Despite strict economic sanctions in place against Iran, a U.S.-registered Bombardier Challenger, N604EP, was spotted on the ramp at Mehrabad Airport in Tehran earlier this week. Who is traveling in it and who is flying it are mysteries as the jet is registered to the Bank of Utah as trustee for the investors who have a financial stake in the airplane.
Seeking to provide a flight planning app for Android users, FlightPro has launched an app it refers to as intuitive, fast and pilot-friendly. CEO T. R. Wright described the app to AVwebs Rick Durden in a podcast at FlightPros booth at Sun 'n Fun.
Tyson Weihs, co-founder and CEO of ForeFlight, has announced the release of version 5.6 of ForeFlights intelligent app for pilots. Highlights of the update include enhanced flight plan filing options-including ICAO flight plan form support-as well as complete worldwide coverage for military pilots.
As part its international youth program encouraging Science, Technology, Engineering and Mathematics (STEM) education, the Think Global Flight (TGF) LiveTV team is presenting a January 27 broadcast showing how aviation uses STEM in the real world. The broadcast is one of several LiveTV events leading up to Think Global Flights scheduled April circumnavigation of the world in a Cirrus SR22 while linked to classrooms around the planet.
Navigation data giant Jeppesen is determined to increase the performance of its technical support department to better serve the market of electronic data users. AVweb's Larry Anglisano visited the Jeppesen Global Support and Command Center at the company's headquarters in Colorado for a tour.
The FAA says that a sharp increase from 2011 to 2012 in the number of reported incidents involving failure to maintain proper separation of aircraft in flight is likely due to changes in how such incidents are reported and not due to increased risk to aircraft, but not all agencies agree. The year-over-year increase ran the numbers up from 1,895 to 4,394 for consecutive one-year periods ending on Sept. 30, 2012. The FAA's old method of acquiring data relied on reports filed by humans; the new system also relies on humans ... without fear of punishment ... and includes automated reporting at some facilities. While the reported figures are up, the FAA notes that high-risk incidents as a percentage of total incidents declined. The FAA hopes that new technology may also help improve safety. But a recent GAO report shows not all entities are convinced that all the increases in near-miss incidents can be entirely attributed to changes in reporting.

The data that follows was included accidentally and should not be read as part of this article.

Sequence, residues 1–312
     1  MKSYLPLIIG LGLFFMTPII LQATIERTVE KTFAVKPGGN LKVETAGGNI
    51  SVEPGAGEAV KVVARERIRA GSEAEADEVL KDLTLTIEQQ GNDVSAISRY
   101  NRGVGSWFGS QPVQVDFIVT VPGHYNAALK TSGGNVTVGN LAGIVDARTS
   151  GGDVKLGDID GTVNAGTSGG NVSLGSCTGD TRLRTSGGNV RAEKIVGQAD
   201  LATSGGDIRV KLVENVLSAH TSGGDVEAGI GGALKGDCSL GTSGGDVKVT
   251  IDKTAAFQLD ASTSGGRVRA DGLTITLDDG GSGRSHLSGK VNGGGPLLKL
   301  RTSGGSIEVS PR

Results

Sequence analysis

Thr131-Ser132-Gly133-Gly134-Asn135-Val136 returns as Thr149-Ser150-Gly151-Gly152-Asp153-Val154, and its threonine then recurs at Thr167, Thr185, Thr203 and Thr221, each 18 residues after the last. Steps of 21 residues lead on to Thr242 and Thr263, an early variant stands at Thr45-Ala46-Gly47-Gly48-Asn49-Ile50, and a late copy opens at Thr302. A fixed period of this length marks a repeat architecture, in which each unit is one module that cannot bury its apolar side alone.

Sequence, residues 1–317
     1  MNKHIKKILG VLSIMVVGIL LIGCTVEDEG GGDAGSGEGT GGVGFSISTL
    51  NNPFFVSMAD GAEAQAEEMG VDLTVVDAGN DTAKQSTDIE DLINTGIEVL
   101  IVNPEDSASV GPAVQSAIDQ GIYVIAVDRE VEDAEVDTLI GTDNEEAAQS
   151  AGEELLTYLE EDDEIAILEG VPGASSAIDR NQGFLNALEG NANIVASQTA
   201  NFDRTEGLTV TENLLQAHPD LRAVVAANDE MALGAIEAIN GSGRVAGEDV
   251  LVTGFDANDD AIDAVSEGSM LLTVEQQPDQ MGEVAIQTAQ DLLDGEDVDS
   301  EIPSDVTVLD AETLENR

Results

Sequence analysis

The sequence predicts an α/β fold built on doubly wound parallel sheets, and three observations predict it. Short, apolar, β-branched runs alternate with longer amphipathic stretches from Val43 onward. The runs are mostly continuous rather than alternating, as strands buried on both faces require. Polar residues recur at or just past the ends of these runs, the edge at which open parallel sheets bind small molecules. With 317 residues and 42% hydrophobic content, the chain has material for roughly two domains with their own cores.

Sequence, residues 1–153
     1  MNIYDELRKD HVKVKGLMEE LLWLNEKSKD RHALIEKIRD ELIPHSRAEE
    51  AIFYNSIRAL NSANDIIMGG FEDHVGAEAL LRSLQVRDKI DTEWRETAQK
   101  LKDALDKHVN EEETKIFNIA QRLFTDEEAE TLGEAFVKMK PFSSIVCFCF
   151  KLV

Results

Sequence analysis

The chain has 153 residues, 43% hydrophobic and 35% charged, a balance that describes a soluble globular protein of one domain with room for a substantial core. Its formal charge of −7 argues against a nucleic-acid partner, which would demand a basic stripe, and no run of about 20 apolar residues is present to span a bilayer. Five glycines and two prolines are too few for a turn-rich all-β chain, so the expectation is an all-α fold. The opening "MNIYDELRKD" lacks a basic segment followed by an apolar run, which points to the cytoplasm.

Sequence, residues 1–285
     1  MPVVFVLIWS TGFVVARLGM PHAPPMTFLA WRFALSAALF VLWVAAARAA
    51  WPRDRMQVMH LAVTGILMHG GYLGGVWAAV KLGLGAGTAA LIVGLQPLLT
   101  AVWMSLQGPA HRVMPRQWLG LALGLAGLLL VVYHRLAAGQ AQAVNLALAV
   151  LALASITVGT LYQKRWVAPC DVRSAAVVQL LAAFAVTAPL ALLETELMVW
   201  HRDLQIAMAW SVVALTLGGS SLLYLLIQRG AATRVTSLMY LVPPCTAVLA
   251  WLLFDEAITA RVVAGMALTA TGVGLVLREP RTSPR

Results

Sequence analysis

The Air Force Air Mobility Command last year awarded a contract for up to 18,000 iPads and believes it is on track to see a $50 million cost savings from their intended use once implemented. The contract, a $9.36 million investment, is one step in replacing what amounts to hundreds of pounds of paper documentation on larger aircraft. In the case of a C-5 Galaxy transport, the weight savings has been estimated at nearly 500 pounds, including paper documentation carried by each crew member and paper documents stored on the aircraft. That weight savings translates to an accountable fuel savings, but doesn't account for the $50 million.
A test program in Alaska to integrate the consumer tracking devices Spot and Spidertracks with FAA search-and-rescue has been successful, officials said last week. The Enhanced Special Reporting Service was tested for two years and now has been made an official option for all pilots flying VFR in Alaska. The technology could be a lifesaver in Alaska's remote terrain. "For example," FAA spokesman Allen Kenitzer told the Alaska Dispatch, "if a pilot leaves Anchorage for Nome in a Cessna 172, it's about a four-and-a-half-hour flight. Typically, the search would begin for the overdue pilot 30 minutes after they were to have arrived. With this technology, the search would begin when the plane stops moving and will more closely pinpoint the aircraft's location." The program is available only for VFR flights within Alaska, but it may be expanded in the future, the FAA said.